Joy Behar Working Morning Till Night: HLN Show Adds to Duties on 'The View'
Wednesday, September 23, 2009
NEW YORK -- Joy Behar, now getting ready for her prime-time debut, wasn't always a bigmouth star.
There was the time, as a high school English teacher, that she auditioned for the first season of "Saturday Night Live." "I'd be under my covers waiting to hear from them," Behar says. No one called.
There was the time she was doing comedy gigs for 50 bucks a pop and lost her job answering the phones at "Good Morning America": "Maybe the ratings went down and they said, 'Let's fire the receptionist.' "
But she refused to give up: "I was funny in school. I was funny in the classroom. I really got tired of giving it away for free."
No danger of that now. Already a fixture on "The View," where she holds forth in a voice that bellows Brooklyn, Behar is launching a talk show next week on HLN. The 9 p.m. program will test whether her mix of polite badgering, liberal politics and comedic shtick can draw an audience without her bickering sisters.
Could Behar, 65, run out of gas, doing both morning and evening shows? "People say, 'How can you talk all day?' I could do it on the phone or do it on television. A painter paints. I yak yak all day."
For the channel formerly known as CNN's Headline News, the move yields a lineup of three brassy, blunt and opinionated women, with Nancy Grace and Jane Velez-Mitchell already having delivered a ratings boost. HLN, which changed its name in December to signify its evolution from a headline-service format, is averaging 597,000 viewers in prime time this year, up from 506,000 at the same point last year and triple the number five years ago. Opinion sells in cable, as Glenn Beck proved at HLN before launching his Fox News show this year.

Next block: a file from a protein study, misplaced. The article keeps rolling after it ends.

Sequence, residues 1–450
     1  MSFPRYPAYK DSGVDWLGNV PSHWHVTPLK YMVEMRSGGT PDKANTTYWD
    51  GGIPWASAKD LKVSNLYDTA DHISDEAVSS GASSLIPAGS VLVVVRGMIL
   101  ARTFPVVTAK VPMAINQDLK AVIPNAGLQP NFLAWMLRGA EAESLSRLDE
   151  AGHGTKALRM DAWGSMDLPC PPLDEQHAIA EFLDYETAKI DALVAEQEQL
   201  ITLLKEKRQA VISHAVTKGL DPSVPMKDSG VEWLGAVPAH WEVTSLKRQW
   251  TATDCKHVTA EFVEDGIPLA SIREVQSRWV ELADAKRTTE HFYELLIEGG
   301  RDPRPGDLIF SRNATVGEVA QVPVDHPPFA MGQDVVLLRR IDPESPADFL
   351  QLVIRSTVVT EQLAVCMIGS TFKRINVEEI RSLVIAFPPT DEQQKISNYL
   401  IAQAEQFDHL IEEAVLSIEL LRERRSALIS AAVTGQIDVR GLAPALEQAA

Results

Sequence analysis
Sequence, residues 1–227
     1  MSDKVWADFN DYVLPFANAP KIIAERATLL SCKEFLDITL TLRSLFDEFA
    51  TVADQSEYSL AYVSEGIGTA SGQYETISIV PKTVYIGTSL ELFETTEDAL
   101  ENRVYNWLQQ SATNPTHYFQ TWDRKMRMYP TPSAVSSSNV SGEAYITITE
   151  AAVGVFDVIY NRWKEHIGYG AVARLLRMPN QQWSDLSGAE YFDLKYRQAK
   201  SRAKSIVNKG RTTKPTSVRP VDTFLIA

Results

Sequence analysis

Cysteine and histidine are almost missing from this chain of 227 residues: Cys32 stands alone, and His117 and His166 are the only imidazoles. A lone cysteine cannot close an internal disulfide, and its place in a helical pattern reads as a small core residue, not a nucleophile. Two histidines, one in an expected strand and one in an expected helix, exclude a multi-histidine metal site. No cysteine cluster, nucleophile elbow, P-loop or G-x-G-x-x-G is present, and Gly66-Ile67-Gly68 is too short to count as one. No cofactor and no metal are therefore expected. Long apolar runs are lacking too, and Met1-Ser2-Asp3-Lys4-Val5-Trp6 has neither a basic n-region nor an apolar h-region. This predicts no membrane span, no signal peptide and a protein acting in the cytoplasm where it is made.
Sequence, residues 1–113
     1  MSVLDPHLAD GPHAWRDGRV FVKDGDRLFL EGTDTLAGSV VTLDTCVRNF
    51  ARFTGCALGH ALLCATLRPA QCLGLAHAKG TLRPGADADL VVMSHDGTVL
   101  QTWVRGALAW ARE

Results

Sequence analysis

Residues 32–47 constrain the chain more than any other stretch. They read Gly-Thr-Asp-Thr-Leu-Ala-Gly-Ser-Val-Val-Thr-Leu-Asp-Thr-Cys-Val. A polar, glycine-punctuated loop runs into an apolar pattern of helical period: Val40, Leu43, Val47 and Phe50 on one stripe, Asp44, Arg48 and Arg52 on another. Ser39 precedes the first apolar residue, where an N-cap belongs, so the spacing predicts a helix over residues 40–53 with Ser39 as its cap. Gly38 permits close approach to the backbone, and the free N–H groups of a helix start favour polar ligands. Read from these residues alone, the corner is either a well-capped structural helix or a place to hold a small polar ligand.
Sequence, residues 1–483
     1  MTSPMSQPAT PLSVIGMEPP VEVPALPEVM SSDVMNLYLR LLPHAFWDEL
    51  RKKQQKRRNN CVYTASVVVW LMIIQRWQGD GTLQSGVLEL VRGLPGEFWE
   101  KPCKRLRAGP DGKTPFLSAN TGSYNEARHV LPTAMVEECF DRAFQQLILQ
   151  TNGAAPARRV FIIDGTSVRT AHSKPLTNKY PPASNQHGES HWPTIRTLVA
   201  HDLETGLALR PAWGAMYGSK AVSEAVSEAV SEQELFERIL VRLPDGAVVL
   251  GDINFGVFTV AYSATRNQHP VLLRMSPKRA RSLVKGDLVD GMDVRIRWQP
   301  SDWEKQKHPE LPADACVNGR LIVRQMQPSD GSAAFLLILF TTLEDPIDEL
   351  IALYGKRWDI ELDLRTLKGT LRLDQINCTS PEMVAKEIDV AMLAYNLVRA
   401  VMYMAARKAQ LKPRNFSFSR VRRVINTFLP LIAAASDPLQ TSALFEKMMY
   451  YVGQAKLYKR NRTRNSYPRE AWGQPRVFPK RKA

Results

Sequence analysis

Barbara Walters, who hired Behar as an original "View" panelist when the show launched in 1997, first saw her perform at a benefit for Milton Berle, where Behar somehow managed to make Salman Rushdie funny. Walters told her producer to track down "Joy Something-or-other."
"She is fearless. There's an intelligence there as well as the humor," Walters says.
When the gang talks about current events, Behar "is very liberal and pronounced in her political views," Walters says. "So it makes very good copy when she's on with a Republican or anyone from the right."
Behar resists the liberal label, saying a better description is that she is "sympathetic to the downtrodden. I came from a blue-collar family. My grandmother was on relief, as they said in those days." Behar's father drove a truck for Coca-Cola; her mother operated a sewing machine.
But surely she's a big fan of President Obama? "Sometimes he's not liberal enough," Behar complains. "He's been wishy-washy on the public option."